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I am working on WCF project hosted by This WCF service has a Method called SearchImage, which looks like this:

string SearchImage(string query)
  //call bing service to get the images
  //it is very time-consuming
  return result.

The call to bing service is very time consuming. This can impact the service very much. Async call doesn't help here:

string SearchImage(string query)
  //async call bing service to get the images
  return result.

You can see, I still need to wait until bing returns result.

My question is, is there any technology to avoid this kind of block IO issue? Ideally, I want to tell to response when bing result is back.

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Can you look at it from the other way around? Initiate AJAX on the webpage, and the AJAX handler then calls the WCF? That way the user get an immediate response from the website, and the WCF can take all the time it needs – freefaller Jun 29 '12 at 9:16

2 Answers 2

No. What you have to do is return a complete web page, with javascript embedded (jquery is popular, though atlas can integrate with better) that will perform the async call after the page is already rendered, and then replace the relevant DOM section (usually tagged with a CSS id) with the contents that you loaded. That way, the user sees everything loaded but a throbber, which will be replaced by the final text, image, or whatever you're loading once it's ready.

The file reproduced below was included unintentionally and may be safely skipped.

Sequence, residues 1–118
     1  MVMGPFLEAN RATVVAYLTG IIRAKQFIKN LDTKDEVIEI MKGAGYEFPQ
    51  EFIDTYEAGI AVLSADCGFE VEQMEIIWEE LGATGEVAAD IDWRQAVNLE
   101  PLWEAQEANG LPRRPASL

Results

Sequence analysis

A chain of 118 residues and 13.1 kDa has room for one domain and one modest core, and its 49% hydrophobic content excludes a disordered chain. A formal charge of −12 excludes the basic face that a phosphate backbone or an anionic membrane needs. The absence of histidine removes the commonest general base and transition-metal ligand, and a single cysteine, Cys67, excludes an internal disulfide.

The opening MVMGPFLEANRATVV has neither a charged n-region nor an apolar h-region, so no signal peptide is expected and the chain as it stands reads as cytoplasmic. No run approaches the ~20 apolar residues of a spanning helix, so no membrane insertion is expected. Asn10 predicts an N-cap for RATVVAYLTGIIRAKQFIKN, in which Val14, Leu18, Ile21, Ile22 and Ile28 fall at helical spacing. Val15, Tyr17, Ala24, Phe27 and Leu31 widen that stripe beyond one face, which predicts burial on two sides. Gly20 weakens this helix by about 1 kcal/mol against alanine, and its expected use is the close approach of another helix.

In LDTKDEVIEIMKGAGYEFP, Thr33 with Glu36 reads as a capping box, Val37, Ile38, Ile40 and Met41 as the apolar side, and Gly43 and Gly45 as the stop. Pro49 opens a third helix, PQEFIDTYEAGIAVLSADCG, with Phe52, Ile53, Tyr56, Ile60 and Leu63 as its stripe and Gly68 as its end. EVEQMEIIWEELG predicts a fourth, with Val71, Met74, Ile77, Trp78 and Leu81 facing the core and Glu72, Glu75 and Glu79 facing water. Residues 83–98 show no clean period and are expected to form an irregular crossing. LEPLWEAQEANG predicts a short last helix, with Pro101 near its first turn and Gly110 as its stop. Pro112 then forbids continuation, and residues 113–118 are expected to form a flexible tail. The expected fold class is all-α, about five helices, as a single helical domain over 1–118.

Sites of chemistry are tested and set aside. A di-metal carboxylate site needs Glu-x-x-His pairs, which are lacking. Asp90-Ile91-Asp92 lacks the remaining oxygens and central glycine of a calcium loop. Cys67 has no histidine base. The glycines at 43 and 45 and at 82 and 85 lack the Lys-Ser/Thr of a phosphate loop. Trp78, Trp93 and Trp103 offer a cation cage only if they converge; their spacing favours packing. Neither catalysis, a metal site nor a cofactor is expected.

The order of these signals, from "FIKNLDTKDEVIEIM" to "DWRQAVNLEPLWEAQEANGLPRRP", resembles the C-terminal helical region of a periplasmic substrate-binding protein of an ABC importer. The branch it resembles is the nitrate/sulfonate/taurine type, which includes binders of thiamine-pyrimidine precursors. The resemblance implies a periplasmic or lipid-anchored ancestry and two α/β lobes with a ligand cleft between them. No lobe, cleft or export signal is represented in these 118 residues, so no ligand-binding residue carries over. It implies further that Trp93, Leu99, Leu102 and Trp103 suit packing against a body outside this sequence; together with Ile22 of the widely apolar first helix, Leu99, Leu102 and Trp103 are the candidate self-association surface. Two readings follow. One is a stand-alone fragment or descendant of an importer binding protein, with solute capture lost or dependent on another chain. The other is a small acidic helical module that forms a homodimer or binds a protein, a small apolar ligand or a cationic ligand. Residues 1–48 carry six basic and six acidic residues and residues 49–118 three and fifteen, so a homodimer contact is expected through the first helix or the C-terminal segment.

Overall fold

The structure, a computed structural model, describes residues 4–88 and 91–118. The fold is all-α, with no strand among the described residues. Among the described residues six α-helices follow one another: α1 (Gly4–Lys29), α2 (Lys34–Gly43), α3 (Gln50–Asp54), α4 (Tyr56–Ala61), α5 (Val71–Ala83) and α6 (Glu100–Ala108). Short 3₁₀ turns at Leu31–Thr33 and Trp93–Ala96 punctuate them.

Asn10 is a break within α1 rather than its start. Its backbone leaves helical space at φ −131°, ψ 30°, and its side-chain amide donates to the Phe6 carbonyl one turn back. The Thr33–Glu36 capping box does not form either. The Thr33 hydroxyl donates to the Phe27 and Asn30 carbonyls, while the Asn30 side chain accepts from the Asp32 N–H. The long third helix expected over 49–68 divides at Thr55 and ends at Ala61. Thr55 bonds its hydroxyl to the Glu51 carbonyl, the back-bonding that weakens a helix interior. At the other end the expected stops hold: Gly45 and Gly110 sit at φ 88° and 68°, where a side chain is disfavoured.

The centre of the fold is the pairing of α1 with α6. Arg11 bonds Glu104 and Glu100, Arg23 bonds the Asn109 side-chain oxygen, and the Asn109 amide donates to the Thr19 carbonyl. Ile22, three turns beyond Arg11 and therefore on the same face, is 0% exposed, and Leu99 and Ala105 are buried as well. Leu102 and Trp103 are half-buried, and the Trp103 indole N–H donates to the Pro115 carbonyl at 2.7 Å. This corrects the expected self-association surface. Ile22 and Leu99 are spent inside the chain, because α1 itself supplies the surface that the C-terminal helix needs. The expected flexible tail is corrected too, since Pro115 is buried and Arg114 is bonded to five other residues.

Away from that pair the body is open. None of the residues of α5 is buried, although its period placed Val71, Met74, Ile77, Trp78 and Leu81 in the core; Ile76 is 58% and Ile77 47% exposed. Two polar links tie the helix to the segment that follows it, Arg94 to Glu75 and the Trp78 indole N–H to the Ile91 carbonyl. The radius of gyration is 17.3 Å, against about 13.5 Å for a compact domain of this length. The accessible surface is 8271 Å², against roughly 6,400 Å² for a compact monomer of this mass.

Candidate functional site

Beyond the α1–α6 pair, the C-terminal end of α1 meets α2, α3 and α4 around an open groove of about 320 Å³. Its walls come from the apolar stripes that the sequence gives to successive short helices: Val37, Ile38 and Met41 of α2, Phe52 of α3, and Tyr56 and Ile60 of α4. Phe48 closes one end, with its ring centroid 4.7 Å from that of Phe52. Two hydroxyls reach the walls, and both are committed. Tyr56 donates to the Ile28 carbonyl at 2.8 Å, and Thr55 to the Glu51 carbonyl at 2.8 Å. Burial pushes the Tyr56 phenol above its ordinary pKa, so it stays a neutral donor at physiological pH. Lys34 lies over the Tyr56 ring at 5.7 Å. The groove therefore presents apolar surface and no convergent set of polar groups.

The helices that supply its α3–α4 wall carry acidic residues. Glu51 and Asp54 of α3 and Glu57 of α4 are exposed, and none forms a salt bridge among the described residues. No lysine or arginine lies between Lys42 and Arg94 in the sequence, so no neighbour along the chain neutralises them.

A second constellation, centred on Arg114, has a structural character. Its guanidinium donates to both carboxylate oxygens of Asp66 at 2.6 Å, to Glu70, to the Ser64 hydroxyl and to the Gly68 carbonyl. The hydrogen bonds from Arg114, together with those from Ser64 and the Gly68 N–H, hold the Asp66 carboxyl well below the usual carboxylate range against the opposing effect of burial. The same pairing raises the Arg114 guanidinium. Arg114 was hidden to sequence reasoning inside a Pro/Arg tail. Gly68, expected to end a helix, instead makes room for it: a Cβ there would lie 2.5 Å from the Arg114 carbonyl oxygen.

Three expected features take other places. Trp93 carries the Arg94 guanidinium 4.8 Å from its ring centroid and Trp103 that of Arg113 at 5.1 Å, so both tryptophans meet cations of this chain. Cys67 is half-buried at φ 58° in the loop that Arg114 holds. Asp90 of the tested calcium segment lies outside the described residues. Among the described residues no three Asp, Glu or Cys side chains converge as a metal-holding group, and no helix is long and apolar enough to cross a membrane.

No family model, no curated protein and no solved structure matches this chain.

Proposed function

You can make the async call go to your server, so that you can do the extra massaging server-side, but that's rarely worth the effort. Javascript can handle almost any massaging you need.

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But it is a pure data service, no javascript/web page involved here. So there is no way to avoid block IO? – XU Weijiang Jun 29 '12 at 9:29
I'm not sure exactly what you mean, but if it's anything like web services, no, there's usually no way you can return partial results and then turn around and return more once the IO completes. Depends on the API, of course, but it looks like you're out of luck. – SilverbackNet Jun 29 '12 at 9:32
I see. Thanks, It seems I need to live with it. :-) – XU Weijiang Jun 29 '12 at 12:34

I once worked on a project where I needed to parse the website structure by recursively navigating to all internal links. I used a plain ASP.NET application as a frontend and a WCF service (don't remember if it was hosted in IIS or as a Windows service) which does the actual job.

Since the process of traversing all links can take a long time to complete (plus I needed to inform the user with the progress periodically) I implemented an asynchronous service operation (MSDN reference) for performing an actual parsing (was called server-side) and a synchronous one for pooling the status of the task (was periodically called client-side using AJAX).

This SO question contains some useful links regarding the subject: How to make a call to my WCF service asynchronous?

Hope this will help you a bit.

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Sorry, it's still not relevant. My problem is not about async call for client. – XU Weijiang Jun 29 '12 at 12:34

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